733. Perieroeotus flammeus speciosus

(733) Pericrocotus flammeus speciosus (Lath.).
THE INDIAN SCARLET MINIVET.
Pericrocotus speciosus speciosus, Fauna B. I., Birds, 2nd ed. vol. ii, p. 319.
Pericrocotus flammeus speciosus, ibid. vol. viii, p. 636.
This very beautiful Minivet ranges along the Outer Himalayas from the Sutlej Valley to the hills of Eastern Assam, North of the Brahmapootra, and also the Khasia Hills now South of that river, but undoubtedly at one time North of it, that river having divided the Khasia Hills from the North Cachar Hills.
It breeds at all heights from 3,000 feet upwards, certainly to 6,000 and, probably, to 7,000 feet, in dense forest, preferring that which is evergreen, wet and with plenty of undergrowth. Rattray obtained its nest in Murree at about 5,000 feet, while Whymper took several nests round about Naini Tal at about the same elevations.
In the Khasia Hills I obtained one nest at 5,000 feet, and from Darjiling Masson sent Coltart another taken at about 7,000 feet, this being the highest elevation at which I have its breeding recorded.
The accounts of its nidification in Hume’s ‘Nests and Eggs’ are either quite wrong or at least doubtful. Hutton’s nest and eggs were undoubtedly those of a Shrike. Hodgson’s description is good except for the expression “deep cup,” as the nests of this, as of other Minivets, seem to be always very shallow. He says that “the nest is a beautiful deep cup, externally 3.25 inches in diameter, and rather more than 2 inches high, composed of moss and moss-roots, lined internally with the latter and entirely coated externally with lichen and a few stray pieces of green moss firmly secured in their places by spiders’ webs. The nest is placed in some slender branch between three or four upright sprays.
A nest taken in the Khasia Hills is a shallow cup or saucer with upright walls, measuring over 4 inches across and barely an inch in depth inside. It is made of the finest twigs and coarse grass-stems beautifully interwoven and very lightly and strongly put together, with many cobwebs to further strengthen it. Outside it is covered all over with white scraps of lichen, tiny bits of bark and a few small bits of green moss. It was placed on the upper surface of a branch of a Rhododendron-tree growing in the densest and most humid of forests, the tree itself covered with the same lichen and moss as that decorating the outside of the nest.
* As the name Campephaga, which applies to an African genus of Wood-Shrikes, is the oldest name, it must, therefore, form the basis of the family name rather than Pericrocotus.
Whymper found all his nests built at the end of long slender branches of “Simul” trees at a considerable height from the ground, and the eggs were most difficult to get, having to be pushed out with a long stick into a net. The nests were in forks of the branches, not on the upper surface and, except that they were very shallow, agreed well with Hodgson’s description.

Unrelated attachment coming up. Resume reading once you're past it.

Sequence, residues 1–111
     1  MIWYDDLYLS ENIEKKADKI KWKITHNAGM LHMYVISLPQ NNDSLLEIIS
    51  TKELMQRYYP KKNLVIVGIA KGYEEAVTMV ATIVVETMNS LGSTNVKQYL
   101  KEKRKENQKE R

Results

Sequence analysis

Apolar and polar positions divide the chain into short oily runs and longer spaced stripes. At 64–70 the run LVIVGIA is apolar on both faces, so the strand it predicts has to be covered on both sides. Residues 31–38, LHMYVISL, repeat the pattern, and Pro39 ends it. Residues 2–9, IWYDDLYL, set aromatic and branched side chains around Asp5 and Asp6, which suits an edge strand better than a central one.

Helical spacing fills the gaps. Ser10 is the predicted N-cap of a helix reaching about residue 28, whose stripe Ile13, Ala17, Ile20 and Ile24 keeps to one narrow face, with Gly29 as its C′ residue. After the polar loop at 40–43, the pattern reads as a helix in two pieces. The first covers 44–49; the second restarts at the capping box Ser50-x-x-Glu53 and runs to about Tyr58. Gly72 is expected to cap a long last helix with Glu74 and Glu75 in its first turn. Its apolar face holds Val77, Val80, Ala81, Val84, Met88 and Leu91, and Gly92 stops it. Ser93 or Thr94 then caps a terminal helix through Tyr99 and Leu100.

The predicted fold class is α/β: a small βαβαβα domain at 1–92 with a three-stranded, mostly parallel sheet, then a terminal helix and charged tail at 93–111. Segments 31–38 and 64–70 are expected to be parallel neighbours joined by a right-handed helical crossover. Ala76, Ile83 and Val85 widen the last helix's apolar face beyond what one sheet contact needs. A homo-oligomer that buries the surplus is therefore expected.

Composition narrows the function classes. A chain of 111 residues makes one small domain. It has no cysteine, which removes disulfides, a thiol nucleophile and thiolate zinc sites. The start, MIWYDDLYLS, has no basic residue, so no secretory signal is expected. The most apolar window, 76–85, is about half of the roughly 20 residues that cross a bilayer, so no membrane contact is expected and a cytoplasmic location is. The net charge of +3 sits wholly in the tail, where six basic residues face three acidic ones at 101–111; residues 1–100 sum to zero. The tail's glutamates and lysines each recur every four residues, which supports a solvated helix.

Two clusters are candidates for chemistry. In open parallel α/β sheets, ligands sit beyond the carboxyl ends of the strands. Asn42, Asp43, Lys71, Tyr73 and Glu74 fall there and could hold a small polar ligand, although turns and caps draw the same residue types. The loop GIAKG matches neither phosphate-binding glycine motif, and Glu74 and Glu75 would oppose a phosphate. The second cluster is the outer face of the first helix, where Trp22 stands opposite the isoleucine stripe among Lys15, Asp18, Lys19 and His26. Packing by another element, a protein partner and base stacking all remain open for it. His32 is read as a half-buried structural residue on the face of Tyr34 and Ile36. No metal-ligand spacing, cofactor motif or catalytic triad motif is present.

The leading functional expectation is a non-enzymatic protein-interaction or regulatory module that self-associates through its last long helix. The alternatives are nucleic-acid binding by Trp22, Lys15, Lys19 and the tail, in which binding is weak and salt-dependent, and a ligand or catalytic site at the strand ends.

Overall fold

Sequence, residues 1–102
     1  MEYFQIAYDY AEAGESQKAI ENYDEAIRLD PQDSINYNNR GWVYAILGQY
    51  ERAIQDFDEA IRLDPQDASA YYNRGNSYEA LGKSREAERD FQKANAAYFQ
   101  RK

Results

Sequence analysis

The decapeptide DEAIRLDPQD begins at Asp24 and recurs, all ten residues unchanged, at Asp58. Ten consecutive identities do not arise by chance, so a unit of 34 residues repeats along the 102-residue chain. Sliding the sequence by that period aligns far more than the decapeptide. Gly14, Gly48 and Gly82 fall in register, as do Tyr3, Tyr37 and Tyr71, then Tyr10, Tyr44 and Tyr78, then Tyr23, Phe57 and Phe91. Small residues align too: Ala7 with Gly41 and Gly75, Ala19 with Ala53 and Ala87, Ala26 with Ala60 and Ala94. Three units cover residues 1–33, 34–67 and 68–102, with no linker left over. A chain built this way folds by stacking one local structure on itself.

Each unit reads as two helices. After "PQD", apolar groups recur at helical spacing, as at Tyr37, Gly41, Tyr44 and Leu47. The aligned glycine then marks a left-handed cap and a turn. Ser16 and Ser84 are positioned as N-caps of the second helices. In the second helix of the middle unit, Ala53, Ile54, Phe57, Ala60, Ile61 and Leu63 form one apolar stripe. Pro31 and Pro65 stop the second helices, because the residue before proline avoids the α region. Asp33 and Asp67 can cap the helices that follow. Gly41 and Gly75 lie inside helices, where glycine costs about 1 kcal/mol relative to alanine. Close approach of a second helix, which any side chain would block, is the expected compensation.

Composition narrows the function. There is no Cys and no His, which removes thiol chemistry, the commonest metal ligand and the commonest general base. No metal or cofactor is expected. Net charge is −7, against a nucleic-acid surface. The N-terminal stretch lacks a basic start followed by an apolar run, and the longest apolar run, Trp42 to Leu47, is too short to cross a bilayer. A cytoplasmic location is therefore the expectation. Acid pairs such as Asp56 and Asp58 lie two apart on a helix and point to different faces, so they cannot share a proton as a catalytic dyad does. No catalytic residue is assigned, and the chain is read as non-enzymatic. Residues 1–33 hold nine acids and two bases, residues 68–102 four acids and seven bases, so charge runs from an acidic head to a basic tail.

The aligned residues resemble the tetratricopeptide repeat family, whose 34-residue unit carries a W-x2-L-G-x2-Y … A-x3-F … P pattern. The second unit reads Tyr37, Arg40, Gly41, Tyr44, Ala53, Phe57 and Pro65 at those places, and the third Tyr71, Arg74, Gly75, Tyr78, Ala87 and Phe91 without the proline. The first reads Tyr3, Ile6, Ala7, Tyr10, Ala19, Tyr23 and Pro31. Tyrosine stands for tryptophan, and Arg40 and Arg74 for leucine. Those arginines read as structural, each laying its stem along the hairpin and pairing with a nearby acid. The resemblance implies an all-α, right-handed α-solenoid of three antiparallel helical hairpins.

The breeding season, so far as we know, is April (Hodgson only), May and June. Rattray took one nest on the 8th May, while Whymper took another as late as the 23rd July.
A full clutch consists of two or three eggs, the one number as often as the other.
The eggs are of two distinct types. The clutch taken by Rattray and those taken near Darjiling and in the Khasia Hills are like the eggs of P. brevirostris except in size. The ground is a greenish-white, and they are marked profusely all over with rather longi¬tudinal blotches of grey-brown or reddish-brown, denser still at the larger end ; under these primary markings are others, smaller, but equally numerous, of lavender-grey.
In the second type the ground is a pale but clear sea-green ; in two clutches the surface is lightly flecked with pale reddish blotches, quite faint and inconspicuous and, in the third, with darker specks of bright red-brown, fairly numerous at the larger end but scanty elsewhere. The shape is a long oval, often much compressed and pointed at the smaller end ; the surface is fine and close and, in some cases, distinctly glossed.
Thirteen eggs average 22.4 x 16.8 mm. ; maxima 24.4 x 18.2 mm. ; minima 19.8 x 16.0 mm.
The cock bird incubates as well as the female and looks extra¬ordinarily conspicuous when doing so if the light shines at all upon him.

BookTitle: 
The Nidification Of Birds Of The Indian Empire
Reference: 
Baker, Edward Charles Stuart. The nidification of birds of the Indian Empire. Vol. 2. 1933.
Title in Book: 
733. Perieroeotus flammeus speciosus
Spp Author: 
Lath.
Book Author: 
Edward Charles Stuart Baker
CatNo: 
733
Year: 
1933
Page No: 
285
Common name: 
Indian Scarlet Minivet
M_ID: 
18711
M_CN: 
Scarlet Minivet
M_SN: 
Pericrocotus speciosus
Volume: 
Vol. 2
id: 
13876

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